Serving Cocktails at a Dinner Party
For the second month in a row, we tended bar at WeWork’s DC Dinner Club, a delightful monthly event that continues to grow on us. We’re crossing our fingers that we become the permanent house bartender for Dinner Club. The idea with dinner club is, instead of grabbing a quick round of drinks after work at Happy Hour, to sit down to a proper dinner with a pleasant mixture of people you know and people you don’t. Whereas most WeWork events are open to all, Dinner Club is by invitation only; all of the original invitees are expected to then pass the invitation on to one other person, broadening the relational circle by one step.
Not only is WeWork trying to revive the idea of the dinner party, along the way they’re also reviving the pre-dinner cocktail hour. For the first hour, while people are rolling in from slightly different ends of the work day, cocktails are served to lubricate the initial chitchat. Once dinner properly begins, wine is place on the tables, and the bar is closed. This seems like a great model for those of us throwing dinner parties at home. It’s a good way for cocktails to add a bit of something extra to the mix while not causing too much of a fuss once the party gets rolling.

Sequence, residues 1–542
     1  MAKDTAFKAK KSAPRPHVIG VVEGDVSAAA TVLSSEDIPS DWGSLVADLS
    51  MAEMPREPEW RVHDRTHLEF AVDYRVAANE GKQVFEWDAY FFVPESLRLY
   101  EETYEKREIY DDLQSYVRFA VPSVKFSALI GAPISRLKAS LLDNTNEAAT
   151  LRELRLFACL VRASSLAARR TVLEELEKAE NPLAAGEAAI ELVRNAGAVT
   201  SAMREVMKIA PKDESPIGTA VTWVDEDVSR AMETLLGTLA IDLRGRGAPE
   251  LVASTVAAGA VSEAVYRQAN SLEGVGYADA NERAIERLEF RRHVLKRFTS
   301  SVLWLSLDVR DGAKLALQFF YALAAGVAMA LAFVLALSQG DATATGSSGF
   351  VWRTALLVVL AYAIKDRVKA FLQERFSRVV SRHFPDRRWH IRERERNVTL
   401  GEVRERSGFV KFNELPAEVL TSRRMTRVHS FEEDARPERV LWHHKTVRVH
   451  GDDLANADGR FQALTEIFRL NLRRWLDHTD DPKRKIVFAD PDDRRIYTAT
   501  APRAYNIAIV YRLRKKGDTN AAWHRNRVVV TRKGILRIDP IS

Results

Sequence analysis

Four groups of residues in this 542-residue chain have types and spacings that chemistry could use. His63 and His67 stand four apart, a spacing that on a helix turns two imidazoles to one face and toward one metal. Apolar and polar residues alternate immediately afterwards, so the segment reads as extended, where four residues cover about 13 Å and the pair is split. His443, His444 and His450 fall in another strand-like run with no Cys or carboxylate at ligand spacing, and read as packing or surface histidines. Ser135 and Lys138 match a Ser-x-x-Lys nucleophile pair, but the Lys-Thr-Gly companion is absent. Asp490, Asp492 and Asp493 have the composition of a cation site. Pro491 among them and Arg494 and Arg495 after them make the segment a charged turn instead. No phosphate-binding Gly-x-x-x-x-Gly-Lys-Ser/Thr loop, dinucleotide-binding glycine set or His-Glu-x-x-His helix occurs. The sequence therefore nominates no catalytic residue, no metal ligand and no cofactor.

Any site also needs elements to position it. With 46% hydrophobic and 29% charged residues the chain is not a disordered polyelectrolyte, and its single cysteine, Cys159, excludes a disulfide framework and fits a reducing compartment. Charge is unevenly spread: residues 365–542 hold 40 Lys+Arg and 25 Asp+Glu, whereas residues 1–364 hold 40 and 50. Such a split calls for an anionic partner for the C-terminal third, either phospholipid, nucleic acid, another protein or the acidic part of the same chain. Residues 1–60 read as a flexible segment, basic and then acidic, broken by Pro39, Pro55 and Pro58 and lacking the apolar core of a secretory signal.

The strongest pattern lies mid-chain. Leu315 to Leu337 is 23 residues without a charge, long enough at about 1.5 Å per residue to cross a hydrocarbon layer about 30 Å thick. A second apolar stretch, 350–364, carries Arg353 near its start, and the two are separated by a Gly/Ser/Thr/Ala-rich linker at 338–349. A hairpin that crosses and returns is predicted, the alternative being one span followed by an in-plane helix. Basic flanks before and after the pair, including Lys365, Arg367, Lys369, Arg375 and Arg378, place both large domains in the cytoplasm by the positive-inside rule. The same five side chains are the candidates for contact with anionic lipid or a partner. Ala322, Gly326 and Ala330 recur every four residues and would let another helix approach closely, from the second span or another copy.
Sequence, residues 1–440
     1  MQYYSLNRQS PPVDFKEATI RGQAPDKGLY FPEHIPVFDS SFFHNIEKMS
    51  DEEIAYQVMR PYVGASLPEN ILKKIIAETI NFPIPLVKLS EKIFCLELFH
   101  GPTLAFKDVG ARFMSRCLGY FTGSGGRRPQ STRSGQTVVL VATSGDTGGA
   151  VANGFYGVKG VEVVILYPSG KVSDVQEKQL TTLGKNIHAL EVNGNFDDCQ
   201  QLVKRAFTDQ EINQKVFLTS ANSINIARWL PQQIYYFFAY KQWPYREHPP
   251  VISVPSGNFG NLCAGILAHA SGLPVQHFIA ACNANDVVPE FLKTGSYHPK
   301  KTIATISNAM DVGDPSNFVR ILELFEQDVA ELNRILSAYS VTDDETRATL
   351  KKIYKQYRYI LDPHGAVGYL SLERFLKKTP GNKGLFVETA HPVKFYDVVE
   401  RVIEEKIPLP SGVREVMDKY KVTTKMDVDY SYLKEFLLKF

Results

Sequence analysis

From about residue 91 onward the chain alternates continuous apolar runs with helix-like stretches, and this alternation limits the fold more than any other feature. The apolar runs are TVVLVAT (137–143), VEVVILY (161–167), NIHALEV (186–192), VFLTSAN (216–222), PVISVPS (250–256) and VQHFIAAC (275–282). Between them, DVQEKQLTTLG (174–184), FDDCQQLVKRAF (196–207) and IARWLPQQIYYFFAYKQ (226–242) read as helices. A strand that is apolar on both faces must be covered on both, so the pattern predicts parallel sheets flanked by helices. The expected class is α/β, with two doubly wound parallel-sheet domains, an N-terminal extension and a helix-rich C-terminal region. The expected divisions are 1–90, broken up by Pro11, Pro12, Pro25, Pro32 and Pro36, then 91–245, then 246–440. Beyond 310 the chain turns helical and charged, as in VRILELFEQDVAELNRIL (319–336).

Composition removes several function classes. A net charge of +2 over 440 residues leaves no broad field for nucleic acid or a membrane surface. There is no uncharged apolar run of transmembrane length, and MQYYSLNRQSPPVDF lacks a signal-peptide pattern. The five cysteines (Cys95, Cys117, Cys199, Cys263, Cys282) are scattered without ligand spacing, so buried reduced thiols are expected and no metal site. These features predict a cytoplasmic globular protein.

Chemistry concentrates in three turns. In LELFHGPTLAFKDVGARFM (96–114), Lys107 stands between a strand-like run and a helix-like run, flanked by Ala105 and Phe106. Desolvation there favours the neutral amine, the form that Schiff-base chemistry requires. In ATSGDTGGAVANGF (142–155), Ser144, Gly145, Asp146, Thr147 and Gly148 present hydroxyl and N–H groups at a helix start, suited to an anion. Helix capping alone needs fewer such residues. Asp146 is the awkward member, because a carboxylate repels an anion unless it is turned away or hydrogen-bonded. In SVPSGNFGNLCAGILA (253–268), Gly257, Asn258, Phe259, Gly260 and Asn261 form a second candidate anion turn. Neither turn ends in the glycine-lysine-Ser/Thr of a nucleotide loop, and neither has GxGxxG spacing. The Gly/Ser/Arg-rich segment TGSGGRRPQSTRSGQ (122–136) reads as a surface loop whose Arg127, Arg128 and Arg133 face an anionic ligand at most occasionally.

Along with closing down the bar once dinner begins, two things seem to help the cocktail hour go smoothly.
Have a Small Menu for the Night
While a full bar sounds nice, hosts and guests alike actually seem to prefer a specialty cocktail menu of two or three drinks. It’s a good way to build on the theme of the party; everyone appreciates a little forethought being put into the evening. For guests, having options but only a couple of them makes decisions easier; and it gently pushes them out of their cocktail ruts, while still giving them some room to choose. For hosts, the limited menu keeps the bar manageable in that moment when you’re also welcoming guests and making final meal preparations.
Get Ahead of the Orders
Have some drinks ready to go just before people arrive. It keeps the bar from being a bottleneck, and it encourages the drinking of cocktails in the cocktail hour. You could simply mix a few individual drinks just ahead of time, choose a drink that works in a pitcher, or–if your drink contains all alcoholic ingredients–you can bottle the mixed ingredients ahead of time a la Amor y Amargo, leaving only the stirring and straining for the moment of serving.
This month’s DC Dinner Club was a Cajun theme, giving us the chance to break out a couple of selections from our strong New Orleans repertoire: the Mississippi Punch, and Auntie Saz. We’ve posted Auntie Saz before, but on the now-defunct CultureScene Magazine. So, this is a good opportunity to repost the recipe here on the blog.
Auntie Saz Cocktail Recipe
- 2 oz rye whiskey
- 1 dash lavender bitters
- 1/4 oz St. Germain
- 1 1/2 tsp simple syrup
- 1 tsp dried edible lavender
- 1 tsp absinthe
- Rinse an old fashioned glass with the absinthe.
- Add ice to the glass.
- Pour rye, bitters, simple syrup, St. Germain, and dried lavender into a cocktail shaker.
- Add ice, and shake vigorously for 20 seconds.
- Strain, using a fine mesh strainer, into the old fashioned glass.